Sustaining the warbler recovery.
Since the very first Global ReLeaf project, AMERICAN FORESTS has had a connection to a tiny, yellow-breasted songbird called the Kirtland's warbler. The habitat needs of this rare, ground-nesting bird are complex--stands of jack pine are not enough. The songbirds thrive in the type of forest that grows after stand-replacing wildfire, in which there are large expanses of young trees with occasional grassy openings. Where fire is not possible, clear-cutting and replanting mimic the natural process.
Our first project 20 years ago (and many projects since) planted jack pines to restore the warbler habitat in northern Michigan, which has been fragmented and overgrown, forcing the species to near extinction and earning it a spot on the endangered list. Efforts to revive the species through cooperative action by federal and state agencies and conservation groups are making a real difference.
For the last nine years running, the Kirtland's warbler has exceeded federal recovery goals, reaching about 1,800 singing males in the state of Michigan, which means an estimated total population of roughly 3,600. This is a huge increase from the mere 167 males that were counted in 1980.
Recovery has been so great for the Kirtland's that the U.S. Fish and Wildlife Service has begun discussing when and if the bird could be removed from the endangered species list. However, the reclassification could have a negative effect if it resulted in a reduction of the funding that has enabled the species to recover to this extent. Experts agree that any reduction in forest management, including the planting of tens of thousands of acres each year and the control of brood parasite cowbirds, will result in a quick decline of the species.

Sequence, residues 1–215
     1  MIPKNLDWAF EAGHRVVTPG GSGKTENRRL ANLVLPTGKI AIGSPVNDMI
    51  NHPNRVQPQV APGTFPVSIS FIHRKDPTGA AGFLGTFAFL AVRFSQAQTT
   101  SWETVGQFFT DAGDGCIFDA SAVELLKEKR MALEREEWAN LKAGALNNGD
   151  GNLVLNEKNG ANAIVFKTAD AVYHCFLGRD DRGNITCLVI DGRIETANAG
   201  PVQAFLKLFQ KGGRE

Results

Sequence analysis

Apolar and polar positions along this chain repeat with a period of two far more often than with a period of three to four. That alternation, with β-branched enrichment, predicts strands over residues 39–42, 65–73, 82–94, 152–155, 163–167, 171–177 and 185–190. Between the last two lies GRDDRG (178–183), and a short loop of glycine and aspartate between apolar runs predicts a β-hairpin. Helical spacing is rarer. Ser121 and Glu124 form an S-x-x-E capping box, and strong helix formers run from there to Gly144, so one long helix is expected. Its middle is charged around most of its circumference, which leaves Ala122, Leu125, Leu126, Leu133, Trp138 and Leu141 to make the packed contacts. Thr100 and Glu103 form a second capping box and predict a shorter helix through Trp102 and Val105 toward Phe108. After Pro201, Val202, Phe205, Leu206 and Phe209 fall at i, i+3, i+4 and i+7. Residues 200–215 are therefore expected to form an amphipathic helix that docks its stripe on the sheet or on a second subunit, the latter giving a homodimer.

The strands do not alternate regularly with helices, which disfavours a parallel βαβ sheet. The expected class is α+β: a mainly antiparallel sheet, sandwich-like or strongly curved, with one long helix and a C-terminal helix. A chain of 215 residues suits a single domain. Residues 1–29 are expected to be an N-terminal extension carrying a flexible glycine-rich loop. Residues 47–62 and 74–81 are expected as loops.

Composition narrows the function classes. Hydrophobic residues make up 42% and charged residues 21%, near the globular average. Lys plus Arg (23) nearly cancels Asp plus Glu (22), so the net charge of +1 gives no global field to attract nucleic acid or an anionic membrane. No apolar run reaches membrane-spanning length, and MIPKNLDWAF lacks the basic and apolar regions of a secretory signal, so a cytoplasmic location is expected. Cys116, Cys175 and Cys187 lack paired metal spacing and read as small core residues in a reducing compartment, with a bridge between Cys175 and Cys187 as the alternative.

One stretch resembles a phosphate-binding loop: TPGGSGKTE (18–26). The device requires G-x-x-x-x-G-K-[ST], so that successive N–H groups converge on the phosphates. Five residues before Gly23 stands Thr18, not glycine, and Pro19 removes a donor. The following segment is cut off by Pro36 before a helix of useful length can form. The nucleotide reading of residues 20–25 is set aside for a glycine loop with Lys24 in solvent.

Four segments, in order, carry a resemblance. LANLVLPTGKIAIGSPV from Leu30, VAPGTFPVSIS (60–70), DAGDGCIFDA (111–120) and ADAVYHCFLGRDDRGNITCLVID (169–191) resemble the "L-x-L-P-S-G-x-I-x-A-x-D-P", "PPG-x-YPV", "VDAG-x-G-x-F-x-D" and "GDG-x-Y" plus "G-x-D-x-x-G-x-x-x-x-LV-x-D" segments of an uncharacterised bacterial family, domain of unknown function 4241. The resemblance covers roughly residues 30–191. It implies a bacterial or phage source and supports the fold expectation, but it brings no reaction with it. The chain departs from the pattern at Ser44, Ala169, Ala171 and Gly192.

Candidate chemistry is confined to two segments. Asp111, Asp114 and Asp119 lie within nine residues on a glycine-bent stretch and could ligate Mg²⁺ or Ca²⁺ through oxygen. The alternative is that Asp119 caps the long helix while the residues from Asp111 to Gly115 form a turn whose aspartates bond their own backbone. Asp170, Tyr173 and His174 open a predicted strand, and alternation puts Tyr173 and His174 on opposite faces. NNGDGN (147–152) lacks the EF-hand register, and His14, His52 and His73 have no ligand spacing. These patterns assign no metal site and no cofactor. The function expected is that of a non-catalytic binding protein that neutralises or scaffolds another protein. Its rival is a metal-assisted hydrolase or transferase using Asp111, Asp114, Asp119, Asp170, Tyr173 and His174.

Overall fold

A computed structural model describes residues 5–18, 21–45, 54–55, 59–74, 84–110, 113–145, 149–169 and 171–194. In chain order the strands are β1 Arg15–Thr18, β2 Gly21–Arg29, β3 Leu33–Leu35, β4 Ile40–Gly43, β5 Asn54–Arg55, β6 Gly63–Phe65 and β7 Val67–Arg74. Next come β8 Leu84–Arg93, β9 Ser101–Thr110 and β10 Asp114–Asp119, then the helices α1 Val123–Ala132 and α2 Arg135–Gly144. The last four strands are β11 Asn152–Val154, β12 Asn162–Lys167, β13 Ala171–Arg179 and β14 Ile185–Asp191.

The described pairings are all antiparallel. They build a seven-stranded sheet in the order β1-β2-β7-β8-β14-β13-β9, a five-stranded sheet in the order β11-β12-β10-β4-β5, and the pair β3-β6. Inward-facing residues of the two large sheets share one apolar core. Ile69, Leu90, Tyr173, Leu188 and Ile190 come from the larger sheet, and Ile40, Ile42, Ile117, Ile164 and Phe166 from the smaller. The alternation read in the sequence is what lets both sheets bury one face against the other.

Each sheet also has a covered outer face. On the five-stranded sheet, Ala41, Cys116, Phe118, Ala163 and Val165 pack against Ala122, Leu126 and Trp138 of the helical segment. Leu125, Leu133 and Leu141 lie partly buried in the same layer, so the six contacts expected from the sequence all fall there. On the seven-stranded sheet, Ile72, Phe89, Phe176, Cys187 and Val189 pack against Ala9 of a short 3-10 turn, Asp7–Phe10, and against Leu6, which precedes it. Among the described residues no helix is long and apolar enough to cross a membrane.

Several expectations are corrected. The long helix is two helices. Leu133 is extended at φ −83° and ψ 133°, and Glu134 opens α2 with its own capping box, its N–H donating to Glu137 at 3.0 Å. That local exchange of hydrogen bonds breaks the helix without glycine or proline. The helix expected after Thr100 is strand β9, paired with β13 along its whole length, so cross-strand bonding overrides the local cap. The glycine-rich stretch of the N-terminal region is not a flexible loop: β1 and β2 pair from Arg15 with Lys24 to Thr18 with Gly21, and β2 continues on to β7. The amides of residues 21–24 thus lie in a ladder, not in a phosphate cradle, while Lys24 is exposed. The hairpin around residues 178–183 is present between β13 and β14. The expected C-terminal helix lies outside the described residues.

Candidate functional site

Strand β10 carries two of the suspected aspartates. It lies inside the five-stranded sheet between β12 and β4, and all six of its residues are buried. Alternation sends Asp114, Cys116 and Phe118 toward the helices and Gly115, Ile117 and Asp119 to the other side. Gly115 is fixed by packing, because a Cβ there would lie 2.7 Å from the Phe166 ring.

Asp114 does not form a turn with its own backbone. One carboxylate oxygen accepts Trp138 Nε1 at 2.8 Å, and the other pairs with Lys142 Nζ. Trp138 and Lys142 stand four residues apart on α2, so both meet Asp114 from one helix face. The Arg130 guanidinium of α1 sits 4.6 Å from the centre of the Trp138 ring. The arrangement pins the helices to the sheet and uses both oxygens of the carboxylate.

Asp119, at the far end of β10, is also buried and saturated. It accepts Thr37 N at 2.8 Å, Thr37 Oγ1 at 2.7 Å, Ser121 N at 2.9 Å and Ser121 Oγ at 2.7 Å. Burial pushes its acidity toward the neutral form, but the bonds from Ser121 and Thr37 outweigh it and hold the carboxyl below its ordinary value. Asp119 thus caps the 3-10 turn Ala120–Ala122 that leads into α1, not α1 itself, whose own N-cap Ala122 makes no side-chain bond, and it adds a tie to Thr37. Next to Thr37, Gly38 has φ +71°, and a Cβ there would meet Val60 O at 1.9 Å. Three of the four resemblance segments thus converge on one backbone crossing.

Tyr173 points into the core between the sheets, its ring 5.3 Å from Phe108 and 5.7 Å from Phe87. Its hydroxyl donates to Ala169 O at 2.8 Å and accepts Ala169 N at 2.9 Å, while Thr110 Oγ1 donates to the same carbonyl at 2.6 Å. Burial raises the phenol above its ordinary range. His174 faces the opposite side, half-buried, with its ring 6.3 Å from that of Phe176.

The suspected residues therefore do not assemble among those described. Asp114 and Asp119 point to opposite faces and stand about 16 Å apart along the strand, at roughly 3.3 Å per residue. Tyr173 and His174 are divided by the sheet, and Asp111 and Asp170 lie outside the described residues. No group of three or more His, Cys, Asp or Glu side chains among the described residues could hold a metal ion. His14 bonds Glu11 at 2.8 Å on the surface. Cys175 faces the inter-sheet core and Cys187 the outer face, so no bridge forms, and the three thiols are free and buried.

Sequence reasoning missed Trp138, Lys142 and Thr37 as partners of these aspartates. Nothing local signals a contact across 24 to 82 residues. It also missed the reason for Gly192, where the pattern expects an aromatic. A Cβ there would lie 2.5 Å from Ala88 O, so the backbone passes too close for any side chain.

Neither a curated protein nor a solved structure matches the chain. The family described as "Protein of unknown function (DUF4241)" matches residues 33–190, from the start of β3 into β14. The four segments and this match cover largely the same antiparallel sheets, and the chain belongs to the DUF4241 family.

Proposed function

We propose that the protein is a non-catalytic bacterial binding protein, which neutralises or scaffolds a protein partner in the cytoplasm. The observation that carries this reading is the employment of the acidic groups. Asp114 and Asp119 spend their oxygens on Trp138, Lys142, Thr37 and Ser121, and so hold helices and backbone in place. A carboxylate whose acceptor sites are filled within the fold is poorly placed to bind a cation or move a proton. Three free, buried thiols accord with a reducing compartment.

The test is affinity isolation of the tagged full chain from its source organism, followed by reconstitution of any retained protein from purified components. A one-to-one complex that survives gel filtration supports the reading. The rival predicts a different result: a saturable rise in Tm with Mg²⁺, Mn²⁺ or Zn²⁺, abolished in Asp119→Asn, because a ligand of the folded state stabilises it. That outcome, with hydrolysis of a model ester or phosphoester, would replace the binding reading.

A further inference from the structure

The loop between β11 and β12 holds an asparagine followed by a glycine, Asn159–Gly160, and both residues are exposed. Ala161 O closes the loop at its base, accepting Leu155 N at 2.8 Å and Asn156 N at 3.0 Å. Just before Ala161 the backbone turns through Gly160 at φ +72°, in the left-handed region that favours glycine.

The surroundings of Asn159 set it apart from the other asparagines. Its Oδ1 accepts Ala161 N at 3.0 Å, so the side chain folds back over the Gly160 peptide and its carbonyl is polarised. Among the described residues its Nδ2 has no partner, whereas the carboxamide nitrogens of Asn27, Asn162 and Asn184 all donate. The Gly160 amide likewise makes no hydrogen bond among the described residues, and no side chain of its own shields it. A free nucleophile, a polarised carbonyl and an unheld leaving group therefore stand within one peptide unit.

Another newly observed and potentially significant threat to this recovery is climate change. This spring, scientists observed new jack pine growth three weeks earlier than ever before. Following their spring migration from the Bahamas, Kirtland's warblers feed their nestlings on insects that mass for a limited time on the new jack pine growth. If the insects are not there when the birds need them, the survival rate of the nestlings could be reduced enough to threaten species recovery. Despite the work that AMERICAN FORESTS and many other organizations have done to preserve this little songbird, climate change has the potential to undo it all.
For our part, we will continue to add to the one million trees we have planted for this little songbird, a milestone for us and for this special bird that we celebrated on May 15 with a ceremonial planting at the Kirland's Warbler Wildlife Festival (see "A Song of Success in the Jack Pine Forest," Spring issue).
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|Title Annotation:||CLIPPINGS; Global ReLeaf project|
|Date:||Jun 22, 2010|
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